Locke sighed inwardly. Why were all the trusting and dim-witted travelers already beguiled elsewhere, leaving him to try his chances with the armed and cagey ones?
“No,” said the woman. “No, I do not believe I am in a mood for laying bets. I shall depart. Keep a distance, now. If you try to chase me, the only reason you’ll escape stabbing is because you’ve been run under hooves and wheels.”
“At least tell me who you are before you whip those half-dead sacks of bristle to their full sad shuffle,” said Locke. “If nothing else, I am genuinely curious as to what your business is in this gods-forgotten corner of nowhere.”
“Oh, it’s not so bad as all that,” said the woman. “And you’ve been bested by Lyris Nicerianis, salt-and-sourmonger. The salt-and-sourmonger, hereabouts. In pickling season I deal the finest vinegars, salts, and relish powders this side of Karthain. I’m on my circuit, and I advise you to be gone from it. Gods have mercy on you and send you some clothes.”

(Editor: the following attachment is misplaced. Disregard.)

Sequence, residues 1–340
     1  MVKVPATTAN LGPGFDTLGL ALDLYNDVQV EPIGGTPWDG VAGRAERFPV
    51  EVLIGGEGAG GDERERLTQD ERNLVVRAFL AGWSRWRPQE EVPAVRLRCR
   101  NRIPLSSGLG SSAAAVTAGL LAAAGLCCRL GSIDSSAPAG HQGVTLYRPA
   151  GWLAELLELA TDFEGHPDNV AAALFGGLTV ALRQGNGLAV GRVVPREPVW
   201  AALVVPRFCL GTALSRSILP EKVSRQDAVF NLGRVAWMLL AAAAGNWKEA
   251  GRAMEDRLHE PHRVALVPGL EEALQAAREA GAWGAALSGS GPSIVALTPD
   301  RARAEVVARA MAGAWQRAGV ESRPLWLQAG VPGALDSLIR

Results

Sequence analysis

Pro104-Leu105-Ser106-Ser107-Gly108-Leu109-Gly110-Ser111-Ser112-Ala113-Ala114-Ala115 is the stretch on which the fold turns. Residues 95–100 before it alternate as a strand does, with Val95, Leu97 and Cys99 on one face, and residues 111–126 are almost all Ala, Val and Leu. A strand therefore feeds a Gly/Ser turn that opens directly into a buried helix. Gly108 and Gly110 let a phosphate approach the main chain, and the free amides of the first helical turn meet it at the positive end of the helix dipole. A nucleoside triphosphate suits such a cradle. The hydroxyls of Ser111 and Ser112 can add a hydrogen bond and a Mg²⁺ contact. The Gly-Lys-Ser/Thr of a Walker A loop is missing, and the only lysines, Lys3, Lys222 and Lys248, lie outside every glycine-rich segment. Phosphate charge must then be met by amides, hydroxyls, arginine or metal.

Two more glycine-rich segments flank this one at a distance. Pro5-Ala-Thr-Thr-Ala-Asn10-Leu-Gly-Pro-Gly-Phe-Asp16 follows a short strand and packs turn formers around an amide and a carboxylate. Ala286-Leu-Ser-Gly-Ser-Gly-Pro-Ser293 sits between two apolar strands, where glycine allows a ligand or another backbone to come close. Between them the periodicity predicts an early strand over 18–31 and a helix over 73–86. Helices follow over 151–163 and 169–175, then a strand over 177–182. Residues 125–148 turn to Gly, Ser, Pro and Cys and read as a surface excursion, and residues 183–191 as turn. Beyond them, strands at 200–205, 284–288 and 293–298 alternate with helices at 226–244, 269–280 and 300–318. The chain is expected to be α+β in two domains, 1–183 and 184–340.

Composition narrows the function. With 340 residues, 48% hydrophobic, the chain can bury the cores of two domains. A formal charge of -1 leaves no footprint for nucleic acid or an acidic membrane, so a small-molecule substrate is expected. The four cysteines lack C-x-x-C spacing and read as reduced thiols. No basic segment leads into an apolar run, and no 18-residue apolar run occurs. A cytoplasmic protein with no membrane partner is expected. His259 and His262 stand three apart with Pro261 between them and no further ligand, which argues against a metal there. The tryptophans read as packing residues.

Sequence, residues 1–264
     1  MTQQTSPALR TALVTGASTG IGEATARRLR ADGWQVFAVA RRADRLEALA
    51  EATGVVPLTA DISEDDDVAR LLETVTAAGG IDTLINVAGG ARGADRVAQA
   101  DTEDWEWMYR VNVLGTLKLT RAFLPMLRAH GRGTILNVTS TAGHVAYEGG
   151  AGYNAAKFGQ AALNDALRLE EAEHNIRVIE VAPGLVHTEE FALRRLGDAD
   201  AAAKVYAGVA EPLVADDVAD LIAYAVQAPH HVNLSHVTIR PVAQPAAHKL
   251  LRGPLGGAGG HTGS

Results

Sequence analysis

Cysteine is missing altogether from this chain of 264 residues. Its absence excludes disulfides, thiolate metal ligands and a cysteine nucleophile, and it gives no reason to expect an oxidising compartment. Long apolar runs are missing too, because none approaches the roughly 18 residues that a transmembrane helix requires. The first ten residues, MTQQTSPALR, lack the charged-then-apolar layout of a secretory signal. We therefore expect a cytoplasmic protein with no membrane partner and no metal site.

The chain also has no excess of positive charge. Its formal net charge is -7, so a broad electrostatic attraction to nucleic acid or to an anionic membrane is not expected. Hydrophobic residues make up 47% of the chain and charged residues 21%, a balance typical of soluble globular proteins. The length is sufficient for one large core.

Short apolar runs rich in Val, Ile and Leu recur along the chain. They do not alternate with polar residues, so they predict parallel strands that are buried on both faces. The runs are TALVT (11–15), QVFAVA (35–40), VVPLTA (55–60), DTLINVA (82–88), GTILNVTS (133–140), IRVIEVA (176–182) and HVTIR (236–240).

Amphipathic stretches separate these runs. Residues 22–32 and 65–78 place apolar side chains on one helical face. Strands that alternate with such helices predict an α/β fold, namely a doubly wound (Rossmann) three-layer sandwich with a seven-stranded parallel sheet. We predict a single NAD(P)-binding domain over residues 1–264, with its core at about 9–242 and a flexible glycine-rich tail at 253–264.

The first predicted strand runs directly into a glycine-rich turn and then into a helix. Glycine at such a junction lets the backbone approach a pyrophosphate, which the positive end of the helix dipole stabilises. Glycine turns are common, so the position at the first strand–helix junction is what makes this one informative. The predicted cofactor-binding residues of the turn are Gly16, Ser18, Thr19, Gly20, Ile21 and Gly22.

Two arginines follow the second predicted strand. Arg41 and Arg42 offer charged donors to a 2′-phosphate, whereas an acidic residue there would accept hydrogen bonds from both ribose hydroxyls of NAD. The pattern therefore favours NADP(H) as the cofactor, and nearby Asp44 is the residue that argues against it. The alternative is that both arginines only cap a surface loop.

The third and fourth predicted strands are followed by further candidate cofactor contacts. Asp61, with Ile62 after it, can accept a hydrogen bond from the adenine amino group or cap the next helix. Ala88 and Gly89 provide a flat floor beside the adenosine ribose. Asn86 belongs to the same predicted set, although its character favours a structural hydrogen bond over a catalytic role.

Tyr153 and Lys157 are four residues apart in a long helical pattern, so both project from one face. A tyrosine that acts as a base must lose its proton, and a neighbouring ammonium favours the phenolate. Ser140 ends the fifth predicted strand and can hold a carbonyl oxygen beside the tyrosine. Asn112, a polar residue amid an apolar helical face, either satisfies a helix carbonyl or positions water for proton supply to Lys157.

“Lyris Nicerianis,” said Locke, “all this time, I’ve been talking to Lyris Nicerianis? I might not know these parts, but even I’ve heard of you! Salt-and-sourmonger? Anodynist, more like! You couldn’t sour up one cherry with three wagons worth of the stuff you’re hauling! Mothers give your vinegar to babies to make them calm. I know of what I speak! I’ve had Camorri golden peppers! I’ve burned my tongue on red sea nettles! I’ve had that Syresti spice coffee that causes hours of screaming!”
“They make that coffee as a joke to play on annoying Therins,” said Lyris.
“Yes, I fell for the joke,” said Locke. “As you have fallen for mine.”